The term ‘ocean grabbing’ aims to cast new light on important processes that are negatively affecting the people and communities whose way of life and cultural identity depend on small-scale fishing and related activities. Small-scale fishers and fishing communities in both the Global South and the Global North are increasingly threatened by powerful forces that are dramatically reshaping existing access rights regimes and production models in fisheries. This process is leading not only to the dwindling of control by small-scale fishers over these resources, but also in many cases to their ecological destruction and very disappearance.
Ocean grabbing is not only about fisheries policy. It is unfolding worldwide across an array of contexts including marine and coastal seawaters, inland waters, rivers and lakes, deltas and wetlands, mangroves and coral reefs. The means by which fishing communities are dispossessed of the resources upon which they have traditionally depended is likewise taking many shapes and forms. It occurs through mechanisms as diverse as (inter)national fisheries governance and trade and investment policies, designated terrestrial, coastal and marine ‘no-take’ conservation areas, (eco)tourism and energy policies, finance speculation, and the expanding operations of the global food and fish industry, including large-scale aquaculture, among others. Meanwhile, ocean grabbing is entering a dramatically new and heightened phase with the emergence in 2012 of the Global Partnership for Oceans, a World Bank-led initiative seeking the privatisation of property rights regimes to aquatic resources and top-down market-based conservation blueprints.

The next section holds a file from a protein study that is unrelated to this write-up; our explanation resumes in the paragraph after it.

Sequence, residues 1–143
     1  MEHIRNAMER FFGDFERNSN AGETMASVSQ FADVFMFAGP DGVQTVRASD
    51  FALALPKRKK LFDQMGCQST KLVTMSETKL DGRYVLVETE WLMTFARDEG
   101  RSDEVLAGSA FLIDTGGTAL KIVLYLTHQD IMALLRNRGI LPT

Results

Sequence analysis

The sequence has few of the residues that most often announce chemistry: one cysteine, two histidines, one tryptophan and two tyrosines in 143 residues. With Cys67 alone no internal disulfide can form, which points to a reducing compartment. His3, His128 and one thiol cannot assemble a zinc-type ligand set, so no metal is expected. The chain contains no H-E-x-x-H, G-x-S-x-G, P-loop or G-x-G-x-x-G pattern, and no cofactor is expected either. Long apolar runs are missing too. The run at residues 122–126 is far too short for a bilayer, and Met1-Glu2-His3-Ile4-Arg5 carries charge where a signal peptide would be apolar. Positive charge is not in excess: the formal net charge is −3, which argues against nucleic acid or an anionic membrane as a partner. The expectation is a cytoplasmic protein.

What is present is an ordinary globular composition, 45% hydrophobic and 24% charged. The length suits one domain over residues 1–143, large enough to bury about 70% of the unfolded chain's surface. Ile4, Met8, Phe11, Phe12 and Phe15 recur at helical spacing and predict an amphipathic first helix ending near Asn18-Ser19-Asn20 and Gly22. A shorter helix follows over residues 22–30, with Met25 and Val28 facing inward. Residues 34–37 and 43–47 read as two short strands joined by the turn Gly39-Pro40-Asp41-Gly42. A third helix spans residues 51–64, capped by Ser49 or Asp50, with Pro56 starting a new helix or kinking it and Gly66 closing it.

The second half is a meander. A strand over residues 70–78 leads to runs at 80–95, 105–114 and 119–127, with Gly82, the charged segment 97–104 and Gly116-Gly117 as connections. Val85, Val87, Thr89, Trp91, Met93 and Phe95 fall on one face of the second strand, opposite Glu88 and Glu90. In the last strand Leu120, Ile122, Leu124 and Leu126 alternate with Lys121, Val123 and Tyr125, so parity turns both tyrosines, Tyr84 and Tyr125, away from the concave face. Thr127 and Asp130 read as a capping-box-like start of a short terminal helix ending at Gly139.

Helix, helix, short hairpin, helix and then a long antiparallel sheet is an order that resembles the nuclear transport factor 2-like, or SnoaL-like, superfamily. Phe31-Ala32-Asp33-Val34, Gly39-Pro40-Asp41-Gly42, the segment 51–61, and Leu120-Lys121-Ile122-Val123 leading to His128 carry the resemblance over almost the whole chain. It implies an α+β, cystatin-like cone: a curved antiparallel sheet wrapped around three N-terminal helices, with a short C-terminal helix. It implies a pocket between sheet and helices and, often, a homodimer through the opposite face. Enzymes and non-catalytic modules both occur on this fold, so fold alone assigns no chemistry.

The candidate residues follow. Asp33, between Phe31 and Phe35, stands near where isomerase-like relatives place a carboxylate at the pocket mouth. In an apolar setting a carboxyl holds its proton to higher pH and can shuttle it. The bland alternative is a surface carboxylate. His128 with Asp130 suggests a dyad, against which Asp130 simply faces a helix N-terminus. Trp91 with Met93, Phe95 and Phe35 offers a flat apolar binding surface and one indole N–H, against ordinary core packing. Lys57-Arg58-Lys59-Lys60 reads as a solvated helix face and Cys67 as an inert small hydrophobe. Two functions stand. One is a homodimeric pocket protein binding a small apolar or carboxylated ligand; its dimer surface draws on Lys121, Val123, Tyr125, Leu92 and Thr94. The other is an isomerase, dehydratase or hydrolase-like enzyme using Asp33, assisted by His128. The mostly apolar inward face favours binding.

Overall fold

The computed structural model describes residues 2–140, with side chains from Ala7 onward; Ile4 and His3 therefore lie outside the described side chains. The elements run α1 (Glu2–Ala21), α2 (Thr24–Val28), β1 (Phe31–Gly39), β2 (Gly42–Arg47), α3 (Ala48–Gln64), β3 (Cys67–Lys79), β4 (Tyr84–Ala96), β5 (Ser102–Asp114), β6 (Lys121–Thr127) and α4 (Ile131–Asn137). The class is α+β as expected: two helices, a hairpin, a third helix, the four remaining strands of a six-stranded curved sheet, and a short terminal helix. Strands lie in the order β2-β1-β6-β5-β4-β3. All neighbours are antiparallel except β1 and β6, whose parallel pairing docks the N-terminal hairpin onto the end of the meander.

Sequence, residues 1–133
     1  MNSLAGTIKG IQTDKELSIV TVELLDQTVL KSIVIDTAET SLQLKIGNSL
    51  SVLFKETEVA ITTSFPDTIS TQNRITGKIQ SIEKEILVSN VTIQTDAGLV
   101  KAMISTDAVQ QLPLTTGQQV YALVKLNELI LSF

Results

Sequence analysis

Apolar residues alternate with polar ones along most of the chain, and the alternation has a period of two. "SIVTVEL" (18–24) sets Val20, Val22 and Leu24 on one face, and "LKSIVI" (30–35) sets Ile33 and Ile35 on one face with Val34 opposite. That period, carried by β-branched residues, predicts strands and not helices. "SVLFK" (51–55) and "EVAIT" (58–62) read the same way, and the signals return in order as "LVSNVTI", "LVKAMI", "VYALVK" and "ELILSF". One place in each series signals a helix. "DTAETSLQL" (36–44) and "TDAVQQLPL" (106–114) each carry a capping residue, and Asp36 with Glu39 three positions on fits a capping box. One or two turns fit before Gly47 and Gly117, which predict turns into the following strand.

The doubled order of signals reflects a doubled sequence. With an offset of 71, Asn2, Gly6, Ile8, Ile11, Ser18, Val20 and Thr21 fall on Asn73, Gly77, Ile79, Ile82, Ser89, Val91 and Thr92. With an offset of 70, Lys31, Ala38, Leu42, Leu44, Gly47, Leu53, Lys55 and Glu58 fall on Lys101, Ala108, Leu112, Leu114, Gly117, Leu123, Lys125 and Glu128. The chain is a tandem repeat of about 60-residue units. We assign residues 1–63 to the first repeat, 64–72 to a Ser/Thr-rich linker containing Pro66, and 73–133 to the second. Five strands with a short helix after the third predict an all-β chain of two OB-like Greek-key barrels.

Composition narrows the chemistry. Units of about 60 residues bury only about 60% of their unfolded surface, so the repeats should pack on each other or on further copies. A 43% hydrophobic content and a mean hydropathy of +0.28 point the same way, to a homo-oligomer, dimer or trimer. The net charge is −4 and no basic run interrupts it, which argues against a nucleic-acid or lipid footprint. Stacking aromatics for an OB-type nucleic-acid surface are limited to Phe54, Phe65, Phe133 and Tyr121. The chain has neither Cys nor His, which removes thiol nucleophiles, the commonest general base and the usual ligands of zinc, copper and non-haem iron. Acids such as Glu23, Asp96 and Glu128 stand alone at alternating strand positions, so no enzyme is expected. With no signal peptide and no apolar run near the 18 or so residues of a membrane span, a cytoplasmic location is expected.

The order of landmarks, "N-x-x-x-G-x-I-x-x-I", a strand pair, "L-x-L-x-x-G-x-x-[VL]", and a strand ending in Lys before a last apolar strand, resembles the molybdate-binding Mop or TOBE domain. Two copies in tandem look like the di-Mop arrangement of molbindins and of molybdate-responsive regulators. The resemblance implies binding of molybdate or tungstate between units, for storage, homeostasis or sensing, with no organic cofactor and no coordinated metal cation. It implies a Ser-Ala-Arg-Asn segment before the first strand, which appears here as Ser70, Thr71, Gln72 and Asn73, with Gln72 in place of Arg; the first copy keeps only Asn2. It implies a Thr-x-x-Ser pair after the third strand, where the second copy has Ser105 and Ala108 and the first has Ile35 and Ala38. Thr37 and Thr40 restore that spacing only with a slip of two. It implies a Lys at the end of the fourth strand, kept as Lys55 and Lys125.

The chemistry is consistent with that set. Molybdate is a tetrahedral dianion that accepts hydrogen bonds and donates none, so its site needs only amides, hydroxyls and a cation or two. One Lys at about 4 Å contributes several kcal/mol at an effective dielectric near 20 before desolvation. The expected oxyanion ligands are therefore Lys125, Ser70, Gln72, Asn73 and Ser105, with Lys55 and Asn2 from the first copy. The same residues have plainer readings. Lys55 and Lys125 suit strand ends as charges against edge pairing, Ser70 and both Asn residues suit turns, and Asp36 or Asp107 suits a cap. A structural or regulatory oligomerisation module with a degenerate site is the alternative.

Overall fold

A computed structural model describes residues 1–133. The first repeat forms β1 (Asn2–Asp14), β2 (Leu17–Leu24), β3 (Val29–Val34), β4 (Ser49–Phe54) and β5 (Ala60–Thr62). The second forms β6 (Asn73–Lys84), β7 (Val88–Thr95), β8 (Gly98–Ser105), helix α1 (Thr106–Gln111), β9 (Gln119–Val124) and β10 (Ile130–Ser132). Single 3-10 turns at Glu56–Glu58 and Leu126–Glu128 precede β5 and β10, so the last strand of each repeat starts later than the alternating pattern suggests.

Read the full report here:
in English: The_Global_Ocean_Grab-EN
in Spanish: The_Global_Ocean_Grab-ES